Interviews: How to Identify a Deceptive Job Candidate

Topic(s): Faking, interviewing
Publication: Personnel Psychology
Article: Honest and deceptive impression management in the employment interview: can it be detected and how does it impact evaluation?
Authors: N. Roulin, A. Bangerter, J. Levashina
Reviewed by: Rachel Williamson

Almost every company has to go through some type of interviewing process in order to select which applicant they will hire.

But applicants frequently use a deceptive type of impression management, which can lead to organizations hiring the wrong person for the job. This can be a serious issue for companies if they hire a deceptive applicant whose work does not match up with the way they performed in their interview.

Companies cannot hope to completely stop applicants from using deception impression management in interviews. But organizations can try to alleviate the problem by selecting interviewers capable of detecting when an applicant is being deceptive.

A NEW APPROACH TO STUDYING IMPRESSION MANAGEMENT

In past research, most studies on this topic looked at impression management from a second-hand account, through self-report of the applicant.

The current study directly examines actual employment interviews using the technology of real-time coding via video.

This is the first study to examine deceptive job candidates from a company’s perspective, rather than how the candidate views their deception.

 

THE PROBLEM WITH IDENTIFYING A DECEPTIVE JOB CANDIDATE

While at first one might think it would be easy to spot a deceptive job candidate, the truth is that it’s a lot more difficult than we imagine.

Recognizing when a candidate is being deceptive takes considerably more effort than detecting when a candidate is being truthful. Not only that, but the interviewer in typically more focused on representing their organization well during the interview, which makes identifying any deceptive behavior by the applicant even more difficult.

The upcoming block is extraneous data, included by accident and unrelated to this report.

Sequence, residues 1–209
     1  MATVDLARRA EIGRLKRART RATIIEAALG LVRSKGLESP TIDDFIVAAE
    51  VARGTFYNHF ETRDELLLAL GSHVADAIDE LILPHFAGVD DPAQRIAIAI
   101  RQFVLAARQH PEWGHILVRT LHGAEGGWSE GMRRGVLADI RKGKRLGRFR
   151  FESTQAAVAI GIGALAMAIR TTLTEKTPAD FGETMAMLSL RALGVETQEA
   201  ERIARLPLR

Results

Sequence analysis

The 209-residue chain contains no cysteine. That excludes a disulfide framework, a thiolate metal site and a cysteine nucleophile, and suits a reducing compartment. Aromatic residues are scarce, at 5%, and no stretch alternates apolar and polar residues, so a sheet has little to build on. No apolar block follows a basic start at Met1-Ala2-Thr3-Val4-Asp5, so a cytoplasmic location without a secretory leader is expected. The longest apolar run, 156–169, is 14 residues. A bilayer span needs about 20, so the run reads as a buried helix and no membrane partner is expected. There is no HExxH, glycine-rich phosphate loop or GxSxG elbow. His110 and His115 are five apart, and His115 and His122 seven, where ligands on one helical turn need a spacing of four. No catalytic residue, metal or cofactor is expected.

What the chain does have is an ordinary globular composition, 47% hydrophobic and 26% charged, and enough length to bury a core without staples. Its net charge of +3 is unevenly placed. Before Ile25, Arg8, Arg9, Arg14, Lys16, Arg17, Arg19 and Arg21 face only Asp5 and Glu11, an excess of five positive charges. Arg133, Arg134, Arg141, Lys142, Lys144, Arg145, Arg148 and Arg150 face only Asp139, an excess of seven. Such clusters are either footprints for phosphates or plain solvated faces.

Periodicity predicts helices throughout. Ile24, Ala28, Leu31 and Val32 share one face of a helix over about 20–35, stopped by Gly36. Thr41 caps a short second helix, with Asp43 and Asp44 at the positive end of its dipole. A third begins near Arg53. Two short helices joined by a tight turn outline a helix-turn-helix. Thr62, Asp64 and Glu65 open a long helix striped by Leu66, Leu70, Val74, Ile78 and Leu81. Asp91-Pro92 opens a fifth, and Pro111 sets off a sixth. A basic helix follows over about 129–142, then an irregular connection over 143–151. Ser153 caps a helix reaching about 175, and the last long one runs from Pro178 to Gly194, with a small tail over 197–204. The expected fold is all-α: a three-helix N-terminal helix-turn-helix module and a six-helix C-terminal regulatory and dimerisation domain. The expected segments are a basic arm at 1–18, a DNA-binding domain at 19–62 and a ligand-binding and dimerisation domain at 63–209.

In a separate study, researchers found that companies frequently miss a candidate’s deception, and hire up to 31% of all deceptive candidates interviewed. In other words, interviewers are rarely successful at identifying a deceptive candidate.

 

THE BIG PICTURE TAKEAWAYS

Overall, this study suggests that interviewers are more successful at detecting honest impression management, but often cannot detect deceptive impression management effectively. Specific, situational-phrased questions during the interview resulted in correctly recognizing a larger number of IM tactics.

If nothing else, companies should create some type of awareness among their interviewers that this sort of deception exists. This can help increase their suspicion when interviewing, which ideally would also increase detection percentages.

If possible, organizations should create and implement their own IM tactic training in order to improve their selection of the best applicant. Putting this in place could only benefit the organization and its selection procedures.